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The cornerstone of nuclear operations

  • Published
  • By Lt. Col. Anita Feugate Opperman
  • 320th Missile Squadron commander
"Proficiency is the cornerstone of nuclear operations, there is no room for incomplete knowledge or substandard performance."

These words are spoken every day in the 90th Operations Group by the pre-departure briefing officer prior to sending missile combat crew members on alert. Why is proficiency so important?

The job we do in the Mighty Ninety and the jobs done by all the women and men across Air Force Global Strike Command are second to none. We are charged with ensuring a safe, secure and effective nuclear force to support the president of the United States and combatant commanders. If we are not proficient, we cannot carry through on this responsibility.

Within the operations group, the passing grade for monthly weapon system, codes and emergency war tests is 90 percent, but the benchmark is 100 percent. This may seem a near impossible feat, but for a crew member who puts proficiency first, it is easily within reach.

Tests are not a substitute for performance on the job, but they are a good indicator of how seriously a person is taking their role in nuclear security. These test scores show if a crew member is taking the time to study basic concepts.

They can also reveal if you are rushing through it because you're more interested in being done with training and testing than demonstrating and applying what you know.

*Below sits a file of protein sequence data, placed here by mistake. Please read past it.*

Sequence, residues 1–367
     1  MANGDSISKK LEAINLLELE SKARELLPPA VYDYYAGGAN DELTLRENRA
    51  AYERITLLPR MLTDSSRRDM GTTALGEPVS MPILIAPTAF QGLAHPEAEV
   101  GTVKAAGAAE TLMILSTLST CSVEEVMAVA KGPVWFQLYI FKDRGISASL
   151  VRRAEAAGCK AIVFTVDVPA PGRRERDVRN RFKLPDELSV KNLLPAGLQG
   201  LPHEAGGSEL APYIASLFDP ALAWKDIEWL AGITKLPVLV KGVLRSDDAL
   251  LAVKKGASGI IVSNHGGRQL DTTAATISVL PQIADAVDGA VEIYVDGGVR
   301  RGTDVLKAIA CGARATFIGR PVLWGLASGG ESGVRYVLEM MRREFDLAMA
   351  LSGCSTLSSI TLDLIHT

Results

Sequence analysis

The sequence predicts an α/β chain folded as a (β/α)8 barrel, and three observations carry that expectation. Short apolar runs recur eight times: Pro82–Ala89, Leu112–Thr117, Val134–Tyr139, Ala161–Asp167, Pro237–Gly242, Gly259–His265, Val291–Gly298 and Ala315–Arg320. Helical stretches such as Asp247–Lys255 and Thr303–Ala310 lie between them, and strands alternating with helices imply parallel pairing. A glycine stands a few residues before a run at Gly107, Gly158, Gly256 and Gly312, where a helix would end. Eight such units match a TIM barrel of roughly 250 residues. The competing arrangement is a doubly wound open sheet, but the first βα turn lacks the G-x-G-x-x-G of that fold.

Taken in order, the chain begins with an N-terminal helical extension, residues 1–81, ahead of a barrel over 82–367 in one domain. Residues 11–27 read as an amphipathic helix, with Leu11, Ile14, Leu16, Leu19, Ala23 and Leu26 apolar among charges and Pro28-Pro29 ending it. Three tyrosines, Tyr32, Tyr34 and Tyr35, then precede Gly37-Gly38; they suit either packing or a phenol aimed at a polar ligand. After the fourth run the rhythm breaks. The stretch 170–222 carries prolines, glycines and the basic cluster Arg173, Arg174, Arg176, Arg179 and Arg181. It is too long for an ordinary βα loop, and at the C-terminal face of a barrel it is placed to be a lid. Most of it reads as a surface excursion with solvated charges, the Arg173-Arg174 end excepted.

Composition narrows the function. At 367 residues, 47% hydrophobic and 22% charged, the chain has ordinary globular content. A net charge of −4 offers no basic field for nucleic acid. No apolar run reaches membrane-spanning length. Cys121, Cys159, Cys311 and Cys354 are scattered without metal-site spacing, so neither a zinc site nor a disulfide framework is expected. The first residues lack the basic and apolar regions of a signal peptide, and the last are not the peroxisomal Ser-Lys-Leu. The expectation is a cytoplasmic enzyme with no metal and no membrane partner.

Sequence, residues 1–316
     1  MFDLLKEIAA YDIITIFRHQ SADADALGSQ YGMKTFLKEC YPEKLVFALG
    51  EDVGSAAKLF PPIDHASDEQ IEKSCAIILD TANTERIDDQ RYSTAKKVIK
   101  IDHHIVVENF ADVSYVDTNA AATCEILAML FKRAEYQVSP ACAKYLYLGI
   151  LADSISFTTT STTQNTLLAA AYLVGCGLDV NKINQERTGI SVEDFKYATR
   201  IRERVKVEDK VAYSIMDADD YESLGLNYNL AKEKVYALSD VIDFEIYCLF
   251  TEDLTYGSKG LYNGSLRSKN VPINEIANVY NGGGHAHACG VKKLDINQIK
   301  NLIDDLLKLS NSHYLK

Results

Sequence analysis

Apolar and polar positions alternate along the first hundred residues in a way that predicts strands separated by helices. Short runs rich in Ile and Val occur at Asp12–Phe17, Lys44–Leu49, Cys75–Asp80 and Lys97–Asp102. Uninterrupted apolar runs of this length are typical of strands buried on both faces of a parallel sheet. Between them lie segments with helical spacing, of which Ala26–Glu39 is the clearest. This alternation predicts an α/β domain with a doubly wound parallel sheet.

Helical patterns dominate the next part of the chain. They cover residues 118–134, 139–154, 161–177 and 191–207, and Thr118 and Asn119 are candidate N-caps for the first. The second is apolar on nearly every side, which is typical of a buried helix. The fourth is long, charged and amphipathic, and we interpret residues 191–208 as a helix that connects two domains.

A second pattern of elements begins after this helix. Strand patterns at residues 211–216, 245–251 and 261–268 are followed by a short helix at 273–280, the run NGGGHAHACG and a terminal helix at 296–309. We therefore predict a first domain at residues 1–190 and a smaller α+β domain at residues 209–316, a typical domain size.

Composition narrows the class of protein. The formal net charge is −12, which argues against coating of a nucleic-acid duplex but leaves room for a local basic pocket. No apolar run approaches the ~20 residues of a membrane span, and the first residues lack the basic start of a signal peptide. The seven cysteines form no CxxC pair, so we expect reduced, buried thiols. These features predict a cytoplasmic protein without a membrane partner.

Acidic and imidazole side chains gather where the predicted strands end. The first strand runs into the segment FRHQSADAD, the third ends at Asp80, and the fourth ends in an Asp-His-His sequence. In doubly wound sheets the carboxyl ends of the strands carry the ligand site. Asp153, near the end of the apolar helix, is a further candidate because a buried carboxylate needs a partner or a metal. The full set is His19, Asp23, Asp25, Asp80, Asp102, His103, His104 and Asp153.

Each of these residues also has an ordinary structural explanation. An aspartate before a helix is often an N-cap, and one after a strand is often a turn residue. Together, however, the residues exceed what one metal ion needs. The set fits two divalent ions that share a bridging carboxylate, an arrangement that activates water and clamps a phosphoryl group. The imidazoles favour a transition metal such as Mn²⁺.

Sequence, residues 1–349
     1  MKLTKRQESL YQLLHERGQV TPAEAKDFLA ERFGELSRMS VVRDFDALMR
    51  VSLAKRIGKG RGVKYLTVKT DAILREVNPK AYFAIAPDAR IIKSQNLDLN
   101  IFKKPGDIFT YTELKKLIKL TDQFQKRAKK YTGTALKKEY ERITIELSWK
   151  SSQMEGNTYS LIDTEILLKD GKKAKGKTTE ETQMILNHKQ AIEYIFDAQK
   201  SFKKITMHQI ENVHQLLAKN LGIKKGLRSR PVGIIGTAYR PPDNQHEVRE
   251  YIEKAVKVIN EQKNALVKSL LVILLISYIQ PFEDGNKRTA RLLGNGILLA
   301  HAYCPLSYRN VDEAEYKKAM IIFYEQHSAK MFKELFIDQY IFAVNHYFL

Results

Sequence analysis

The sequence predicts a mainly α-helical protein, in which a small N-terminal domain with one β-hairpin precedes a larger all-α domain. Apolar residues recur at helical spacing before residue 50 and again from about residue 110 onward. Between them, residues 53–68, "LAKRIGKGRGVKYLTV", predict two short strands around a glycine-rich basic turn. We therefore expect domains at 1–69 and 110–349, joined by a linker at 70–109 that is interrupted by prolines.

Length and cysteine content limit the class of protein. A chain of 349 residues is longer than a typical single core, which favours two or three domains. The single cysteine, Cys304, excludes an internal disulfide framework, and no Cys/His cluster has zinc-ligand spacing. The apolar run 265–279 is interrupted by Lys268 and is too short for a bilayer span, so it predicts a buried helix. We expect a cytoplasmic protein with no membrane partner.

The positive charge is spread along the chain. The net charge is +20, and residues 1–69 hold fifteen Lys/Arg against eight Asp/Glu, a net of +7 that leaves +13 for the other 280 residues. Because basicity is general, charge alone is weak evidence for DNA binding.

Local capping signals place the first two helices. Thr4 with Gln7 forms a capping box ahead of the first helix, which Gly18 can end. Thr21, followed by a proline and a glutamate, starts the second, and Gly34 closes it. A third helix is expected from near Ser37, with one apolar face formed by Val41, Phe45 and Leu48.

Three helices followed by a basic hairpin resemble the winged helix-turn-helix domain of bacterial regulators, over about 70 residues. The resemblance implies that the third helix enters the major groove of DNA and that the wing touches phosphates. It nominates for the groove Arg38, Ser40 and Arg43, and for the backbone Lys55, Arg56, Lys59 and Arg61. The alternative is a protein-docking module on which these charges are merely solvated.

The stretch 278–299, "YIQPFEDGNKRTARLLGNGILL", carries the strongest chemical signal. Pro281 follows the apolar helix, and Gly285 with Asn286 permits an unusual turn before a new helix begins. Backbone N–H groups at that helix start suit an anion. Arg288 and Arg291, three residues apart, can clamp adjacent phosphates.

You might be wondering why the standards are so high. A friend I was stationed with at the 392d Training Squadron, Vandenberg Air Force Base, Calif., -- where all of our missile crew members get their initial training -- used to equate this high expectation to that of another profession with perfection as the standard.

He'd ask his students what 10 percent of knowledge and understanding was okay for a surgeon not to know. The answer is of course, none. That's the same for nuclear weapons.

Proficiency in the Minuteman III system is not something any of us is born with; it takes time and dedication. Sometimes it isn't easy and you may need to dedicate your off-duty time, but really, being proficient in our individual jobs is what is expected of us and what the Air Force pays us to do. Learning and practicing checklists, studying with your crew partner or team members and asking questions when you don't know what something means or how a piece of equipment operates are all part of becoming proficient. We should all strive to be the person others turn to when they are having difficulty understanding a concept or task; we should each strive to be the nuclear expert.

The American people and, our allies, count on us to be 100 percent adept in our jobs of operating, securing, maintaining and supporting the nuclear enterprise. The only way to ensure you are doing your part to provide a safe, secure and effective force is to be an authority in the nuclear profession by taking the time to ensure you have complete knowledge to be proficient.